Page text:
The “boxy” style that Mary mentions is not necessarily a bad thing! Paper is rectangular, and lends itself to rectangular layouts. It is true that it can feel a little boring, particularly with repeated use, but it is better a little dull than something that jumps off the rails trying to be different.

If you are every faced with the choice between boredom and confusion, pick boredom!

Mary’s poster is an excellent example of why so often I end up recommending a three column layout to people. It just works. While there is room to improve on this poster (more on which in a moment), nobody would cringe looking at this poster or think it was an accident gone horribly wrong.

What stuck out at me was how little the poster stuck out at me. The overarching sense you get from this from a distance (or at small size) is greyness. And the few patches of colour are all stuck far away from eye level at the bottom of the poster.

A few things I’d try:
  • Put the picture in the right at the top of the column instead of burying it at the bottom (the Cosmo rule).
  • Crop said picture so that it’s column width. The tighter the grid, the close to God.
  • Put the “Results” heading in line with the headings of the other columns instead of under the figure.
  • Make the title and headings heavier and blacker.
  • Make the graph the width of the column.
Here’s a revision with those changes:

    There is more visual contrast and variety in this version of the poster. Even shrunk down, the title and headings are now bringing in some black to break up the greyness. The grey wall of text is broken up vertically instead of all being at the top.

    This is, as always, a quick and dirty revision. If you enlarge the image, you will see the text in the graph’s axes are distorted. To make the bottom center graph column width, I just grabbed is a stretched the whole thing. This is not the correct way to make the graph fit. It should be resized to the correct proportion in the original graphing software.

    The revision above is much better, but the left side still felt like it was fading away into nothing. So I broke up the greyness by colouring the flowchart boxes.

    I picked yellow because the map to the right of it had a little yellow. In fact, the map could stand to do with a little colour, although we’re probably reaching the point of diminishing returns in adding more colour to combat the greyness. A better step would be to do a ruthless edit to reduce the word count.

    If you think the difference between the first and last version is a big improvement (and I’m vain enough to think that it is), remember how easy it was.

    Six changes.

    That’s it. The poster became much visually punchy and attractive with just six changes. Remember that if you ever feel like, “I don’t have time to make this poster better!” You probably do have time: you just have to know enough to make the right ones. And those are not particularly tough things to remember. In this case, those guides are:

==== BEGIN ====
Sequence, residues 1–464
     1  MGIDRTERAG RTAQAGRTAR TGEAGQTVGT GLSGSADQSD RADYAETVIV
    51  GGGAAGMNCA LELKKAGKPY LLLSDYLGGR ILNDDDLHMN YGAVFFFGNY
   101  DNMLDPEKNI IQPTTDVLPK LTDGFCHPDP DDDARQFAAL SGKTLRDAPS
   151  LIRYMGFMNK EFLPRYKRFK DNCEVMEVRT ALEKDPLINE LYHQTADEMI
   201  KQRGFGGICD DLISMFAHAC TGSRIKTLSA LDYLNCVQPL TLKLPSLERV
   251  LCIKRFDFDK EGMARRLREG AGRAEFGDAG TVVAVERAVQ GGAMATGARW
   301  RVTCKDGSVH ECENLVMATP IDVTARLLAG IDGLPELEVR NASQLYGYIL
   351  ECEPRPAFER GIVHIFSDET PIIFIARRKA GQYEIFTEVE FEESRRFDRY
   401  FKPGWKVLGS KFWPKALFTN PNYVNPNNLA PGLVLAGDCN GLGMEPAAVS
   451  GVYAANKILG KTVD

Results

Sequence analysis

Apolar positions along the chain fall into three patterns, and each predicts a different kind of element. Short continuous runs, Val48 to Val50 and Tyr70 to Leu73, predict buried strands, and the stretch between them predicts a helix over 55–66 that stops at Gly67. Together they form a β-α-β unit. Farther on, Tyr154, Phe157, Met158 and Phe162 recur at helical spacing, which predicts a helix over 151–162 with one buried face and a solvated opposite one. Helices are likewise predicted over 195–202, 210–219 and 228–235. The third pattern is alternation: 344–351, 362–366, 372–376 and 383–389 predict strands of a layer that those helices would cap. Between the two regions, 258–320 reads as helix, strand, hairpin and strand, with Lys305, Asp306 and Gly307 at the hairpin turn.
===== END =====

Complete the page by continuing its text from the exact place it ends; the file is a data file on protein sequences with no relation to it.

• Line things up.
    • Put graphics at eye level.
    • Make important things bigger and bolder.

    09 May 2019

    More than just visual cheesecake

    I want academics to create objects with high quality graphic design. But I imagine there are people who might admit that a well designed conference poster (or what have you) may be nice and all, but it’s just visual cheesecake. Sure, you get some personal aesthetic pleasure out if it, but that’s about all. If the content is solid, some might say that good graphic design won't help you meet career goals like job offers, tenure, or promotion.

    I personally cannot think of any anecdotes or data supporting the contention that excellent graphics have significantly advanced or hindered individual researcher's careers (e.g., grants or papers rejected just because some aspects of typography or design were so bad). If anyone knows any examples, I would love to hear them!

    On a larger scale, some might argue that the quality of graphic design has neither significantly advances or substantially hurt science communication. Here, there may be some examples of the importance of strong graphics.

    Climate scientist Michael Mann’s graph of historical global temperatures might be an positive example where a technical graph helped the cause of science communication by breaking into public awareness and advanced political discussion.

    This visual made the point stick with people in a way that “unprecedented rapid change in earth’s temperature” never did. It was so memorable that even it got a nickname (the “hockey stick” graph).

    On the negative side, Edward Tufte’s short book, The Cognitive Style of PowerPoint (later incorporated as part of Beautiful Evidence), provided a compelling case that the default design of PowerPoint slides may have contributed to the explosion of the space shuttle Challenger.

    Tufte’s argument is that the design of the slides are so bad that they diverted attention from the deep problems facing the Challenger launch. While there were clearly a lot of management problems at NASA the contributed to the explosion of the Challenger and the death of her crew, the argument that this contributed isn’t easily brushed aside.

    External links

    PowerPoint does rocket science